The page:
Showcasing Neighborhood Artists!
Oil on Canvas by Harry Ahn
The Colfax Cultural Center is one of four buildings on the Colfax Campus. It is a former elementary school that was built in 1898. In the early 1980s, it was purchased and renovated by South Bend Heritage, a community development corporation serving the surrounding urban area. The building has three exhibition spaces that are managed by a gallery committee of area artists and art educators. Many diverse groups hold their meetings in these same spaces. As a result, new and fresh audiences, along with seasoned gallery patrons, respond to the changing exhibitions.
Once called the Genesis Gallery, the Robert Seifert Gallery is in a room that used to be a class room. It was renamed to honor the first gallery preparator who hung the exhibitions over 18 years. Many meetings are held in this room.
The Court Gallery is the main hall of the building and now is used as a waiting area for the tenants of the building. The wood sculpture of an alligator stands prominently in this gallery and delights the children.
The Paper Room is a space that is one half of a former classroom in size. The exhibitions here are more intimate. It doubles as a conference room.
There are a number of community arts organizations in the South Bend area which are always looking for exhibition space for its members. The Colfax Campus Gallery offers its space to one of these organizations each year.
Once called the Annual Middle School Exhibition (grades 7 & 8), it was renamed when the South Bend Community School Corporation reorganized itself into Primary Centers (grades 1 – 4), Intermediate School Centers (grades 5 – 8) and High School (grades 9 – 12). Students from all 10 Intermediate Schools participate in this exhibition.
“Art and Social Justice” was the title of a joint exhibition of work by local artists Jake Webster and Douglas Kinsey. The theme, a socially just world, is particularly reflective of South Bend Heritage Foundation’s mission – it inspired this annual juried exhibition. It calls artists from 4 states: Illinois, Indiana, Michigan and Ohio.
This series of exhibitions represent the current work by area artists who live and/or work within a 50-mile radius of South Bend. There are usually 3 “On Exhibit” exhibitions each gallery season. Each exhibition shows the work of three individual artists.
Event Description:“The first of three exhibits featuring artists who live and work within 50 miles of South Bend”
Reception: Friday, November 2, 2018, from 5 to 7 p.m.
Exhibition Dates: November 2 through December 14, 2018.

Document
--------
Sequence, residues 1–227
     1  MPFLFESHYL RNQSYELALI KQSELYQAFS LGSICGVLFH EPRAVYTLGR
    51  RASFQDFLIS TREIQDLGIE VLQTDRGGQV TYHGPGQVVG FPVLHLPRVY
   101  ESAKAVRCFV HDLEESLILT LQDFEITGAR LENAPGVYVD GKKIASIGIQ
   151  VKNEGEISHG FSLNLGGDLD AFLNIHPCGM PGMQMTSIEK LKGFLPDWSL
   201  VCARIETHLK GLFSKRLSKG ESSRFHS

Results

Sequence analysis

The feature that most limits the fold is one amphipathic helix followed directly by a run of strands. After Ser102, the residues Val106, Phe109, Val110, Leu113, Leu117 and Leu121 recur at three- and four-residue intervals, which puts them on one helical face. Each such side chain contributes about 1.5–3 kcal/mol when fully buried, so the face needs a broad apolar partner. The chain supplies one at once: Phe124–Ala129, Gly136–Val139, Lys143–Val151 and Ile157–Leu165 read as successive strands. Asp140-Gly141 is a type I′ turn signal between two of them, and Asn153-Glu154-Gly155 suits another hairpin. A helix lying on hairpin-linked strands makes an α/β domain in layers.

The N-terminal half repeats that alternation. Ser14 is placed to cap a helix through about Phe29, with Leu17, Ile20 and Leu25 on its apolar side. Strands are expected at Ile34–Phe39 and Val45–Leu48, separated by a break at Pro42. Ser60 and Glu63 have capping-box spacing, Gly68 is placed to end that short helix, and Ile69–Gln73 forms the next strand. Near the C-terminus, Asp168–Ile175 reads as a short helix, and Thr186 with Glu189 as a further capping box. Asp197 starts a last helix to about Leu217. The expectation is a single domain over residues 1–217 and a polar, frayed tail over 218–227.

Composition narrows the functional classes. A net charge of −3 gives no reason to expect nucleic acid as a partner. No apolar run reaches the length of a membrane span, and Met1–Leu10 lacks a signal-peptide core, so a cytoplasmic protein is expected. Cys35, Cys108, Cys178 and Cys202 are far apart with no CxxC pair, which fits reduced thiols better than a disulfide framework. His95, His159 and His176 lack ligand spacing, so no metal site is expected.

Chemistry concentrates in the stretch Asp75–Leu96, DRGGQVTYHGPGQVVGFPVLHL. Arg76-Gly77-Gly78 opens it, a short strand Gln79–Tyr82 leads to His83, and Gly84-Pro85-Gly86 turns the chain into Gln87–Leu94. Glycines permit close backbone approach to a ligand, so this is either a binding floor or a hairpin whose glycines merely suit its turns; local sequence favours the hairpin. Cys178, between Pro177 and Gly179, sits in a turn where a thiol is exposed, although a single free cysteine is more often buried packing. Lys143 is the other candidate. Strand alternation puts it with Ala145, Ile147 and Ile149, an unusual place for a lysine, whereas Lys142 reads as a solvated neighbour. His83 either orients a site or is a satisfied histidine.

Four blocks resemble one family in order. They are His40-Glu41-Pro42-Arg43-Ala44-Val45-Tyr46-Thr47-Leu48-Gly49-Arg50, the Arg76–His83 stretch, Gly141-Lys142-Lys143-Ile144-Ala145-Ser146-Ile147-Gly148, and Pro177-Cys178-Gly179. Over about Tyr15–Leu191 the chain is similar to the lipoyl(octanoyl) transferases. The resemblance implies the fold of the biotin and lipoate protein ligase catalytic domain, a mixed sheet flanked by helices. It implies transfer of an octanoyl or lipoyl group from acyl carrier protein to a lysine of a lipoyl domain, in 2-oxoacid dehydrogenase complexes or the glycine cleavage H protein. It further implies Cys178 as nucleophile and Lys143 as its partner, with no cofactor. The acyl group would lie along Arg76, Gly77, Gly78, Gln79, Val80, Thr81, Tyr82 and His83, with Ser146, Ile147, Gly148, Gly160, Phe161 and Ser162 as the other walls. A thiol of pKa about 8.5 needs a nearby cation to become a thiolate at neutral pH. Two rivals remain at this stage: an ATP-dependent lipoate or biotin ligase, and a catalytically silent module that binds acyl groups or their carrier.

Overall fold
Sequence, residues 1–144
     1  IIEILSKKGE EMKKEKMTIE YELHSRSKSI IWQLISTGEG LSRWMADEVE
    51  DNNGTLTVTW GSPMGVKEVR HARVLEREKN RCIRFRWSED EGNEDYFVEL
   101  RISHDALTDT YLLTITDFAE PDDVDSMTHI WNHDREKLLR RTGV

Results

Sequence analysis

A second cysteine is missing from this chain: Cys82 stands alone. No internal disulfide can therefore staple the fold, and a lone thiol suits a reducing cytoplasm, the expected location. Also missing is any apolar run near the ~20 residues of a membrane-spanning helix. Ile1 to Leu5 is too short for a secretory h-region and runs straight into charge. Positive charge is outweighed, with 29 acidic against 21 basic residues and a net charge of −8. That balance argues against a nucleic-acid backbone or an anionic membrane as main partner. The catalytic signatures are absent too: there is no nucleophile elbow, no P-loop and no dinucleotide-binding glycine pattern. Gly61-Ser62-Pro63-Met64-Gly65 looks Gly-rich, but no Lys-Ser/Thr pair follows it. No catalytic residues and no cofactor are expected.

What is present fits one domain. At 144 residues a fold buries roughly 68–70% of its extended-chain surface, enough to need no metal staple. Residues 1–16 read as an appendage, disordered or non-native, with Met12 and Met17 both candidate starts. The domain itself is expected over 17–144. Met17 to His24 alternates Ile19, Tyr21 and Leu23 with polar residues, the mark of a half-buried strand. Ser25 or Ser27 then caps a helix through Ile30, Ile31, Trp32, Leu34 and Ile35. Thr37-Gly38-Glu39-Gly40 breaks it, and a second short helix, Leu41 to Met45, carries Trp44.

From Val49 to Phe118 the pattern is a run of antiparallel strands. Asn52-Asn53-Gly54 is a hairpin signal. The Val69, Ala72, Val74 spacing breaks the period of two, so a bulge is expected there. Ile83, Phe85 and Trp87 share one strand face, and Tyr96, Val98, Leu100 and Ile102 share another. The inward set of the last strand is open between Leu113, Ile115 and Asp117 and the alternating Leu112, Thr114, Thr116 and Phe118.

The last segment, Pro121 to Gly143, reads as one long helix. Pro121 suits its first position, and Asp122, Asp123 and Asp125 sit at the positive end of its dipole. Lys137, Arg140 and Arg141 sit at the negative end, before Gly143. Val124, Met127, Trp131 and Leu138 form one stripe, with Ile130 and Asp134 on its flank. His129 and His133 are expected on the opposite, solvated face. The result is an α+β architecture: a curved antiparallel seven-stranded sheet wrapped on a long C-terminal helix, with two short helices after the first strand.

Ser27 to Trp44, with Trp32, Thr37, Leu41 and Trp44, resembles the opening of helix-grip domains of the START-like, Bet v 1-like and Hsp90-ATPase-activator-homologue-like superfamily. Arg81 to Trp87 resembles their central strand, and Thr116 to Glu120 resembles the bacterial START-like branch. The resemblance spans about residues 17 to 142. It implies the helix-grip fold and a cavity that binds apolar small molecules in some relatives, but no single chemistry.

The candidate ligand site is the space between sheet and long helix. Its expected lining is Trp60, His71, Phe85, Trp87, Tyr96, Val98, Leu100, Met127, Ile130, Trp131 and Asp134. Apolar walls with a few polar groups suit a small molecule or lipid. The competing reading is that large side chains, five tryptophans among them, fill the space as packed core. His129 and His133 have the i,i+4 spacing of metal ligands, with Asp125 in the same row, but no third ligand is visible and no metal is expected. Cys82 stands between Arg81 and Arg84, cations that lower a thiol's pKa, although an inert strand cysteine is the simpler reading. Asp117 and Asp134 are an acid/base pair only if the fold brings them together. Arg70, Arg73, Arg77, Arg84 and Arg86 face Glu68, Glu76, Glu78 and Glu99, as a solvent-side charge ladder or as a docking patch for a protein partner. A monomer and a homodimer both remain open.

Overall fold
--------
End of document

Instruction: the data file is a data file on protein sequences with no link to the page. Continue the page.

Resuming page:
Location: Colfax Campus Gallery hours: Mon – Fri 9-1. Sat 9-1
914 Lincolnway West South Bend, IN 46616
“How I became the Artist I am Today” reveals the journey 5 local artists have traveled to the present.
Helen Geglio received her BFA in studio art from the University of Michigan and also holds an MS in Education from Indiana University. In her work as an artist, she creates fiber and mixed media artworks, and has been represented in local, regional and national exhibits. Most recently her work has been selected for Artist as Quiltmaker 2018, Quilt Visions 2018, New Legacies Contemporary Art Quilts 2018, Quilts=Art=Quilts 2018 and Quilt National 2015.
Danny Graber has worked in photography over the past five decades. His passion is capturing snippets of peoples’ lives, culture, and stories. Danny studied under the direction of various professional photographers, starting in the long, mostly-forgotten darkroom. Danny believes a photograph should evoke a sense of emotion and spirituality.
Kay Westhues is a photographer and folklorist who is interested in documenting the ways in which rural tradition and history are interpreted and transformed in the present day. Through her work she aims to describe the vitality and complexity of places and people whose lives are often overlooked and unexamined.
Todd Hoover has been fascinated with photography as an art form for over 40 years. While using his camera, Todd strives to create images that have never been seen before. Todd wants the viewer to contemplate what they are seeing when they view his art.
Nathanael Anderson believes art serves many functions: its ultimate utility is a form of propaganda. Nathan believes our society is saturated with propaganda at every turn. Some propaganda is used to resist and Nathan believes his art belongs in this category. Nathan’s work addresses social and economic disparities, with an increasing focus on continued human existence.
Contact: Diana Jones, Gallery Coordinator 574-289-1066 ext. 1212 email@example.com